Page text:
Podcasts & RSS Feeds
Most Active Stories
- This ballot proposal is critical to Michigan's economy, but most people won't bother to vote on it
- What explains Michigan's large Arab American community?
- Some think their immigrant ancestors were the last that should be allowed in the U.S.
- Michigan Republican Party's tactics remind me of Watergate, because both were unnecessary
- Michigan's campaign for governor gets weird as Republicans deploy spyglasses
Thu November 1, 2012
Stateside: Judge O'Brien's case for candidacy
Judge Colleen O'Brien, who currently sits on the Oakland County Circuit Court, spoke with Stateside about her candidacy.
“I practiced law for 17 years and I’m running for the same reason I ran for circuit court. When I practiced law I had the opportunity to appear in the court rooms of many different judges and I would have the same set of facts but I would go to three different counties and get three different decisions. That is not the way our legal system is supposed to work. We need judges that follow the law,” said O’Brien.
The role of a Supreme Court justice is, according to O’Brien, tied closely to the law.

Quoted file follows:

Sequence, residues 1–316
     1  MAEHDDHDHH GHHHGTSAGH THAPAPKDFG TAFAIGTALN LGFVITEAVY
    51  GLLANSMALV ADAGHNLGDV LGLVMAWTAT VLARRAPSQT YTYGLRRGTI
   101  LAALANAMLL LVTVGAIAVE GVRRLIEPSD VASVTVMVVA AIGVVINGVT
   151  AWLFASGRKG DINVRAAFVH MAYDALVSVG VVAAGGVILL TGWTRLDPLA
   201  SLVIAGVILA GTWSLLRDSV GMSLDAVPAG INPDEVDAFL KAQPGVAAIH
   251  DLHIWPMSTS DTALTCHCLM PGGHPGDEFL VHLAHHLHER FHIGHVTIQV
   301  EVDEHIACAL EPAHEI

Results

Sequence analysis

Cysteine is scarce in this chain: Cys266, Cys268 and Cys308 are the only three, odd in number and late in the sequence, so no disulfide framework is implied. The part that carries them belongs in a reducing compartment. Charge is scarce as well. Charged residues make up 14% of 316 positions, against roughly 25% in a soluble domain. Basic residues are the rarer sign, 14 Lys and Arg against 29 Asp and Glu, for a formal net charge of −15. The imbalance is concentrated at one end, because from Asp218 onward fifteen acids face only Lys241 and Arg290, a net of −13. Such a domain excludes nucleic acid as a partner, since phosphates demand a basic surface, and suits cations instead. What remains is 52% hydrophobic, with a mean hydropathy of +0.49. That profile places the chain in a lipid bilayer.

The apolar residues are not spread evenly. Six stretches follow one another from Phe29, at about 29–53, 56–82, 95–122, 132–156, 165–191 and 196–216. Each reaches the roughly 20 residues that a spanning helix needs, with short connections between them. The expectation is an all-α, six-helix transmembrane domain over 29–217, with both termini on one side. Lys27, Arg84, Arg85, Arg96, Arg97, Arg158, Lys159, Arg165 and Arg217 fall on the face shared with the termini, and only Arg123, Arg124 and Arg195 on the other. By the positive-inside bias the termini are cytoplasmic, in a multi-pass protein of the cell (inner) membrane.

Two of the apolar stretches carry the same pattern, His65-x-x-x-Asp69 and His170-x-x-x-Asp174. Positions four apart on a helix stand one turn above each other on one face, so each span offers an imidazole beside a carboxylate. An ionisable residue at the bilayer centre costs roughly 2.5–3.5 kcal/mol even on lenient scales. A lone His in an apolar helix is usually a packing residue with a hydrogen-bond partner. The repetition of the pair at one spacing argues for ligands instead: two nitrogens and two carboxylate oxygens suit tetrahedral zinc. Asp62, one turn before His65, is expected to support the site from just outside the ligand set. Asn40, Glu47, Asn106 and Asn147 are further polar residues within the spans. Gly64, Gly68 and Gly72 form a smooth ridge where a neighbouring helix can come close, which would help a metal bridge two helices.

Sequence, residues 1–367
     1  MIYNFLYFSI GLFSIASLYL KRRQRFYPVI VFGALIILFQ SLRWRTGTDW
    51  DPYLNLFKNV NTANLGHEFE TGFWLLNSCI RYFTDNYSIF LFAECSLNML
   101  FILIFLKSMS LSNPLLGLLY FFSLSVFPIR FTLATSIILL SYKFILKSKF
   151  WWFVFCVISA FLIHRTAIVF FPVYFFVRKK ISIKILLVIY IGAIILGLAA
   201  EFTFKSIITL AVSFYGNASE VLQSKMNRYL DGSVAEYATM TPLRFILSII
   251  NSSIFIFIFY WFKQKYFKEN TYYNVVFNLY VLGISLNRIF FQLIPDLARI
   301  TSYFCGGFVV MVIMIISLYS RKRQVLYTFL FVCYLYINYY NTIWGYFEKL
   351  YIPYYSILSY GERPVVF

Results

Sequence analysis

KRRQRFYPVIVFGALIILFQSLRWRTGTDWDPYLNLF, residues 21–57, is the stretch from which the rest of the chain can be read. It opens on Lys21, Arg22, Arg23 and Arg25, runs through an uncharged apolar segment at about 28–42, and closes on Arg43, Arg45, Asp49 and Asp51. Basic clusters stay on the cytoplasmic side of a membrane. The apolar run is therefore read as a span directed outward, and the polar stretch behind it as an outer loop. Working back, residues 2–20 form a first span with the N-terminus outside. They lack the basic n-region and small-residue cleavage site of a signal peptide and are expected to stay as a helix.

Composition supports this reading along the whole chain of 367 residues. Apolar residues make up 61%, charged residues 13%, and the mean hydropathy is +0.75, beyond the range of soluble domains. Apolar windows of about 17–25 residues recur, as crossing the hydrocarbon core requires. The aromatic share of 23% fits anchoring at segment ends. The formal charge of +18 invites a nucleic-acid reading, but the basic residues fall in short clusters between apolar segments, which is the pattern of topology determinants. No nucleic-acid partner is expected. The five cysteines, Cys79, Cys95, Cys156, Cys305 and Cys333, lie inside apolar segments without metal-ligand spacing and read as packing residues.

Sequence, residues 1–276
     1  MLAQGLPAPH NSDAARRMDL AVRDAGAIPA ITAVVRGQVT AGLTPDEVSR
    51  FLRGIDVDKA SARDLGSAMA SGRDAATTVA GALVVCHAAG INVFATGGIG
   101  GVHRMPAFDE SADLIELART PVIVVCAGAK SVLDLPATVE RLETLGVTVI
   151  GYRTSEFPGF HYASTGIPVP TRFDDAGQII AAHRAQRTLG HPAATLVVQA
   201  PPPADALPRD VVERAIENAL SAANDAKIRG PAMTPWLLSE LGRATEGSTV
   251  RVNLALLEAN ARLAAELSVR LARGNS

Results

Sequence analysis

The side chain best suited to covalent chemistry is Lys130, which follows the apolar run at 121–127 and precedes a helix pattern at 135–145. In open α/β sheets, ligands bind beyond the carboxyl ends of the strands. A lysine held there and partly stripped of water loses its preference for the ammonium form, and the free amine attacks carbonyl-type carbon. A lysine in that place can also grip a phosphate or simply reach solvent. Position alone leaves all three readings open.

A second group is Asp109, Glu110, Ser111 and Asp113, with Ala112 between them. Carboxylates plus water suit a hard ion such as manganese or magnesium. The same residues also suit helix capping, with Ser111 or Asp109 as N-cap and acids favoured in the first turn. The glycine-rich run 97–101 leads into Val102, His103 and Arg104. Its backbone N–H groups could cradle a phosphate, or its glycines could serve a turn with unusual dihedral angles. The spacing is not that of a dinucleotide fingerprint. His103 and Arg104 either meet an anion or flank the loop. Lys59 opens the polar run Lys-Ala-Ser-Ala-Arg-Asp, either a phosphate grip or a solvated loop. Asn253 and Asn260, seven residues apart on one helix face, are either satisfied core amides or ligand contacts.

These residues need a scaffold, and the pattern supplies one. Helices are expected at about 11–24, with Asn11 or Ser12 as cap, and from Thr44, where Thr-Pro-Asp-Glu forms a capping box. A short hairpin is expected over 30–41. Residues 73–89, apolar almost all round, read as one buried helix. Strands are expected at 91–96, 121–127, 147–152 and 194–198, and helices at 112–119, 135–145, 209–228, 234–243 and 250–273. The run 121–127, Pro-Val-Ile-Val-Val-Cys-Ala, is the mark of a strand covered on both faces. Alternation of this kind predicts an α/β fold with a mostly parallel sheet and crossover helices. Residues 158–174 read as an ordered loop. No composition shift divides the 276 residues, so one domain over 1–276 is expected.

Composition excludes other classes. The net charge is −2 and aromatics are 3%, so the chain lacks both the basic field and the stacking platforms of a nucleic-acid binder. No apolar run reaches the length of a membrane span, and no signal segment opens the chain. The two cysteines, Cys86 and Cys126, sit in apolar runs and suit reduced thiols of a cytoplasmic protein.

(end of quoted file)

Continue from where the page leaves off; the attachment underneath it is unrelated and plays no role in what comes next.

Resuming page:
“It’s very important to strictly adhere to the rule of law. I believe that judges must decide cases based on what the law actually is. Judges need to set aside their opinions,” said O’Brien.
O’Brien feels that judges must respect the separation of powers and should only overturn past High Court decisions when absolutely necessary.
“On a rare occasion that can be done if something was clearly wrong. But that is something we have to be very cautious about and should not be done very often,” said O’Brien.
O’Brien felt the role of the ballots in Michigan’s election was a defining moment in its recent history.
“The recent decision that was made to allow the ballot proposals to go forward. It was important to show that we have a rule of law court that felt they were giving the law to the people to go forward with these initiatives,” said O’Brien
O’Brien, as have so many other candidates, referred to an urgent need to reform the way in which our state’s justices run.
“There are some flaws in our system. The fundraising is a necessary evil. We need to communicate with the voters and we can’t do that unless we have fundraising. I can’t honestly say I don’t know of any judges that have been influenced by taking a campaign donation,” said O’Brien.
O’Brien concluded by addressing the greatest conflict facing the state’s Supreme Court.
“The biggest challenge facing the Court is our diminishing resources and still delivering justice to the citizens of Michigan. I think in the future we will need to try to get the courts to cooperate and work together with concurrent jurisdiction,” said O’Brien.
There are two ways you can podcast "Stateside with Cynthia Canty"
Politics & Government